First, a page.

This is a common warning message of the Secure Shell (ssh). In most cases, it shows that the ssh server configuration you are trying to connect to has somehow been changed.
In a local network, this often happens after a change of an SSL certificate and/or a component update at your remote machine (in this case this is a Synology NAS server).
NB: You should have been warned like that because this can also be an alarm for a malicious situation, where someone between your machine and the remote host, tries to convince you that this is the remote host. This is known as the ‘man-in-the-middle attack‘ but we are not going into detail with it.
In such a case, you probably have to update your ~/.ssh/known_hosts file.
Obtain the rsa key from remote hist and update the local known.hosts file
First, using a Terminal window in your local machine, check the server’s existing key in your ~/.ssh/known_hosts file:
$ ssh-keygen -F 192.168.1.32 -l
➜ ~ ssh-keygen -F 192.168.1.32 -l # Host 192.168.1.32 found: line 4 192.168.1.32 ECDSA SHA256:rAd7OhJUIgV4XjdEHkYLtn3T4ITgOQ+wvF4KzEDVAlE ➜ ~
Get the RSA key of your server:
$ ssh-keyscan -t rsa 192.168.1.32
➜ ~ ssh-keyscan -t rsa 192.168.1.32 # 192.168.1.32:22 SSH-2.0-OpenSSH_7.4 192.168.1.32 ssh-rsa AAAAB3NzaC1yc2EAAAADAQABAAABAQCe2PBBtm0GzJMyXTssrzGU21p9IUbU0QOCWbMCGoEUbP2Qu0HWvmj2IOxrpcNdGaMVRlbQhtr/K5ReiqxSavDAHuNQehg8Nf6QGnPHLlk9J9JRO80C4g6q50WaJUtCSPhPOzvZLpH9k4Fgy7ogOITcEqu2gy+Zncd+sFahKnEff9dQ4J1aQj/ogA+ZY4X+fmg8aIjVC+7RAdeCFvIJ03iSM4JTGrjl9IClWfZS359gd146BW3GF4XeVZ2Tf2AhHgPXBwE7uMIXBwVs5NcYoX9AR8vzOxfV5btK9iSKqnCNQp13F82nsP6rwvsLQJ06/RWVF1KaVo/DDRKwqOFTqKqd ➜ ~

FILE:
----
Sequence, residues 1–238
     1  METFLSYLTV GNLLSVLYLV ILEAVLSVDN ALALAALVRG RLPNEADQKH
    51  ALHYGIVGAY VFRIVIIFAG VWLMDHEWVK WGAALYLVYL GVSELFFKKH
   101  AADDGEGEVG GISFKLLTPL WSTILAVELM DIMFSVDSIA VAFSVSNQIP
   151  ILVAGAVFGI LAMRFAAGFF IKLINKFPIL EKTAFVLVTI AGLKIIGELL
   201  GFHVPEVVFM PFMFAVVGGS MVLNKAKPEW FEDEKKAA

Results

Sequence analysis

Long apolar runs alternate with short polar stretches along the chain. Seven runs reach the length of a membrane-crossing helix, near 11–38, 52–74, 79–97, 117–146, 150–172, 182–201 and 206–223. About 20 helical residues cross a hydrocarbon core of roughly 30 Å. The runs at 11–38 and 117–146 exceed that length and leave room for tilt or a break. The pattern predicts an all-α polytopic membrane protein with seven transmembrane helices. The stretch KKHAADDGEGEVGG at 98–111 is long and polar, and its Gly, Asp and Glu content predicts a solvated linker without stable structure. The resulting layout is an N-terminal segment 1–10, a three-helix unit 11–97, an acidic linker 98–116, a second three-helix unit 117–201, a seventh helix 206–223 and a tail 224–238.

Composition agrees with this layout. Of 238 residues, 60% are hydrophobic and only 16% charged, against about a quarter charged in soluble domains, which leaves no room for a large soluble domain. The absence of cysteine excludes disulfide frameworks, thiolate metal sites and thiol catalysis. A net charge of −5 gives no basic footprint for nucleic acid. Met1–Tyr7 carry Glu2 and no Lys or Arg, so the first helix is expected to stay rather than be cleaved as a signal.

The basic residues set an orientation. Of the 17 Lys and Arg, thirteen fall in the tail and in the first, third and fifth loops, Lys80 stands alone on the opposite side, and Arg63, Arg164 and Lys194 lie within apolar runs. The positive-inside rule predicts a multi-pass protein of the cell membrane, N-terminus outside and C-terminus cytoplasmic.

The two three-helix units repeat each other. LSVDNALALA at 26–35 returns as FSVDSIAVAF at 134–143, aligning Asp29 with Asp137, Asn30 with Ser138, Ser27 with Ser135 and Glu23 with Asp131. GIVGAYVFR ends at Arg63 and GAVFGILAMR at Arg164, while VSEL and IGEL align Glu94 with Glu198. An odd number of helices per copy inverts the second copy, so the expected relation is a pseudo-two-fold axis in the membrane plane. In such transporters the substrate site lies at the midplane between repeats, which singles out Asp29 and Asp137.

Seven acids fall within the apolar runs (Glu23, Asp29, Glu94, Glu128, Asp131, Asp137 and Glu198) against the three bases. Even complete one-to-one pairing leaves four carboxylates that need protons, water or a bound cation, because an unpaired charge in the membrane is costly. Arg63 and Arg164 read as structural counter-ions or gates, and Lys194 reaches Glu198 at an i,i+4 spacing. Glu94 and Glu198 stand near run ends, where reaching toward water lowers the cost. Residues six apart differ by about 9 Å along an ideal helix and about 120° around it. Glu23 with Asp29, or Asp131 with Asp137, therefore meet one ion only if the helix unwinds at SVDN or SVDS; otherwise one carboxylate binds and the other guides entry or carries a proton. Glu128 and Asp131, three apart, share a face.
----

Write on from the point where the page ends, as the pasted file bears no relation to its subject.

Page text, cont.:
If the host key fingerprint for a server has changed, and you are sure that the new fingerprint is authentic, you can remove old entries with the command (after that you can check the removal using again the find flag -F:
$ ssh-keygen -R 192.168.1.32
➜ ~ ssh-keygen -R 192.168.1.32 # Host 192.168.1.32 found: line 4 /Users/zp/.ssh/known_hosts updated. Original contents retained as /Users/zp/.ssh/known_hosts.old ➜ ~ ➜ ~ ssh-keygen -F 192.168.1.32 -l ➜ ~
Finally, you have to add the response to the bottom of your ~/.ssh/known_hosts file. Either manually, or much easier via:
$ ssh-keyscan -t rsa 192.168.1.32 >> ~/.ssh/known_hosts
However, if you continue having issues with warnings, perhaps the rsa key obtain is not the correct one, and instead of rsa you should have requested a key with another type of algorithm, e.g. dsa. You better have to remove any existing fingerprint for the specific remote host from your known.hosts file and then leave the remote system to return the correct one when you try to connect. So, first, remove any existing fingerprint from your known.hosts file:
$ ssh-keyscan -R 192.168.1.32 $ ssh-keyscan -F 192.168.1.32
Then, try to connect without any key inside the ~/.ssh/known_hosts file. You will receive a warning message ‘Are you sure you want to continue connecting’, but you can proceed by typing ‘yes’. This is exactly the same procedure you follow when you try to connect to your remote system for the very first time (Find info here).
Thank you for reading!